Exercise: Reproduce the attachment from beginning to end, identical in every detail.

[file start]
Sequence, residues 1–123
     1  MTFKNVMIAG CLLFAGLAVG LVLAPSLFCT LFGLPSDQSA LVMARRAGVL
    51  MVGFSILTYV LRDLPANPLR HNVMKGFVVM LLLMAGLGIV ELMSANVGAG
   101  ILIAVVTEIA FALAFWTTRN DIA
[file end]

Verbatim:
Sequence, residues 1–123
     1  MTFKNVMIAG CLLFAGLAVG LVLAPSLFCT LFGLPSDQSA LVMARRAGVL
    51  MVGFSILTYV LRDLPANPLR HNVMKGFVVM LLLMAGLGIV ELMSANVGAG
   101  ILIAVVTEIA FALAFWTTRN DIA